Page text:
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World Zimbabwe pastor faces subversion charges as government cracks down on protests

Pastor and activist Evan Mawarire arrives at the magistrates courts in Harare, Zimbabwe, Jan, 17, 2019.

Tsvangirayi Mukwazhi/The Associated Press

Zimbabwean police plan to charge activist pastor Evan Mawarire with subverting the government, a crime which carries up to 20 years in jail on conviction, after violent protests this week in which three people were killed and scores injured, lawyers said.

Armed police arrested Mawarire on Wednesday and initially charged with the lesser crime of inciting public violence after he posted on social media encouraging Zimbabweans to heed a strike called by the country’s biggest labour union.

Triggered by a sharp rise in the price of fuel announced by President Emmerson Mnangagwa, the strike ended on Wednesday after protesters had barricaded roads with rocks and burning tyres in the capital Harare. Demonstrators in the second city of Bulawayo looted shops.

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A doctors’ group said they had treated nearly 70 people for gunshot wounds while police rounded up 600 people after the protests, including Mawarire and an opposition legislator.

A spokesman for Zimbabwe Lawyers for Human Rights, whose lawyers are representing Mawarire and more than 130 others, said police had decided to upgrade the pastor’s charges, delaying his appearance in court.

Mawarire, a Harare pastor who rose to prominence as a critic of former strongman Robert Mugabe and led a national protest shutdown in 2016, faced similar charges in 2017 but was acquitted by the High Court for lack of evidence.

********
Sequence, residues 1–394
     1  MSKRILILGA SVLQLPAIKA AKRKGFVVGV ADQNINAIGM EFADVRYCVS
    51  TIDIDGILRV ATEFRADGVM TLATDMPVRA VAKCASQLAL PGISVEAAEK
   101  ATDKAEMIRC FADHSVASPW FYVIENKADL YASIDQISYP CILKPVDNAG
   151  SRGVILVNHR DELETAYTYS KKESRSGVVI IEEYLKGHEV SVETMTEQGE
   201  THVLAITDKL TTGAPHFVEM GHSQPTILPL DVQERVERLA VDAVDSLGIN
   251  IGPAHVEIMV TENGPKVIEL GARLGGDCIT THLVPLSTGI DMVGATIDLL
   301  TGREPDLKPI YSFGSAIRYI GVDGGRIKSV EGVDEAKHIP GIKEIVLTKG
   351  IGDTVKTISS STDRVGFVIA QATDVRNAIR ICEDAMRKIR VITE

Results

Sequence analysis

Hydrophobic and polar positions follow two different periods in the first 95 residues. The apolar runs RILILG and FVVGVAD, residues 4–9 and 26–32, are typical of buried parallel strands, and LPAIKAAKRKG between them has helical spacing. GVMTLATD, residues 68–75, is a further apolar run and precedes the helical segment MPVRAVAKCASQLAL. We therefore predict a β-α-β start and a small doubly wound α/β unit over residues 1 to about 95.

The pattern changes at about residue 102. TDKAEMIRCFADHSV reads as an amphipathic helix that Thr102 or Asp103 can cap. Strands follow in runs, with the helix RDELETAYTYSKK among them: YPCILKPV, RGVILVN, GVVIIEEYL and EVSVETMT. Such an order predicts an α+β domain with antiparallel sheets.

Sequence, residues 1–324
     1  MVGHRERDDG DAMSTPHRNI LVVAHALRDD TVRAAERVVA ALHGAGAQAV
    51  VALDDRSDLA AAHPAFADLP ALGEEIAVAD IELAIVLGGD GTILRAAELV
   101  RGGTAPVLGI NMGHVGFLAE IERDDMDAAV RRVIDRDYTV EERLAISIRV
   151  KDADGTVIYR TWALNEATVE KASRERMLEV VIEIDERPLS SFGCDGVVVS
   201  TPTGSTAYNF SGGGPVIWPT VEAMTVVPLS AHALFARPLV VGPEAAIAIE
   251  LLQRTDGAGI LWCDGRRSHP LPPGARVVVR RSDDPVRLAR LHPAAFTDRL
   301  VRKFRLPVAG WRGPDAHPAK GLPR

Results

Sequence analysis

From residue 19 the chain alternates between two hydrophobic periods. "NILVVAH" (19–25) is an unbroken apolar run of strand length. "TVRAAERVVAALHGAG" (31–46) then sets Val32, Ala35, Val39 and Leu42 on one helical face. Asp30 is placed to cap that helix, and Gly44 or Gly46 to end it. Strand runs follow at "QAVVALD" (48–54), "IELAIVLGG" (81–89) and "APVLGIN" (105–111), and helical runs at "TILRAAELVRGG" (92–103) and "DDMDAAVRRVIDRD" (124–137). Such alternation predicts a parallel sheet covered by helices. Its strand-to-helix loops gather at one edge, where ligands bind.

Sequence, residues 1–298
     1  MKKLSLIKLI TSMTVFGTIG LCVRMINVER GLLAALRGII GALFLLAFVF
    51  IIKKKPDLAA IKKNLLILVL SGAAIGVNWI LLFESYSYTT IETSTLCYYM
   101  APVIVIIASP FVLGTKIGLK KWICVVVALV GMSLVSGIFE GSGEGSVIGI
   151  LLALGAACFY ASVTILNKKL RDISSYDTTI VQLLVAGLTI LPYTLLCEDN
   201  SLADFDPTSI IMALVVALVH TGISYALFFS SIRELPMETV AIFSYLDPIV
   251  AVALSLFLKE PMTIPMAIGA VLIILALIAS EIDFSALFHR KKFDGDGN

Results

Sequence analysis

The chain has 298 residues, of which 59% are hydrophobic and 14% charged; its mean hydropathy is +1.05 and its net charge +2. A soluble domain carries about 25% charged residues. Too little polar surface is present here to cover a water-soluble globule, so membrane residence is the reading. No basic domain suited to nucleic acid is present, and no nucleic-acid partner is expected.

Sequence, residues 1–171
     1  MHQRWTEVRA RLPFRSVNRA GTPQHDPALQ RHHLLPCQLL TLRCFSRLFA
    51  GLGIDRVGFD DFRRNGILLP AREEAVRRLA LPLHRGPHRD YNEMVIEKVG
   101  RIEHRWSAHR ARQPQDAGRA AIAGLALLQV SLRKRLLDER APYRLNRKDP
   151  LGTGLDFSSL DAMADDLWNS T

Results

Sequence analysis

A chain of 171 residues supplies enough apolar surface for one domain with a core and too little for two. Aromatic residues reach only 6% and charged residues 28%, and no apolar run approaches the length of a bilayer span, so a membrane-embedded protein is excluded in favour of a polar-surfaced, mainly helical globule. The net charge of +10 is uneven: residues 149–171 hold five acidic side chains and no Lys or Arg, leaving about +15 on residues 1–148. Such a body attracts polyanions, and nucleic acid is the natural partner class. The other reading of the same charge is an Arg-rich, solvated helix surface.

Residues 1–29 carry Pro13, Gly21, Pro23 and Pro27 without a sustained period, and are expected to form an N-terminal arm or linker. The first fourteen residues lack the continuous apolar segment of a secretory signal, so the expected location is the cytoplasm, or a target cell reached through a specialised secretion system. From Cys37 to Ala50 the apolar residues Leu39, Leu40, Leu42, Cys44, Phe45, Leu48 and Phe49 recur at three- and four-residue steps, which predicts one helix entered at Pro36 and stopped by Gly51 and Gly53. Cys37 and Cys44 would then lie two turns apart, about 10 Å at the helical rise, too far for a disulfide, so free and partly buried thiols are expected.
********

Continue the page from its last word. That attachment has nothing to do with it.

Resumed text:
Zimbabweans had hoped Mnangagwa would make good on pre-election pledges to revive the economy and break with the Mugabe era, but Zimbabwe has fallen back into familiar ways.

The protests, which took place only five months after six people were killed in post-election demonstrations last August, pose a challenge for Mnangagwa who promised to repair the struggling economy after he replaced long-time leader Mugabe following a coup in November 2017.

While some businesses and banks opened after the three-day strike, inflation data for December showed the annual consumer price index soaring to 42 percent, adding more woes to citizens struggling with daily life.

The Zimbabwe Association of Doctors for Human Rights (ZADHR) said its members had treated 172 people, some with dog bites, in private and public hospitals since Monday, when the protests started.

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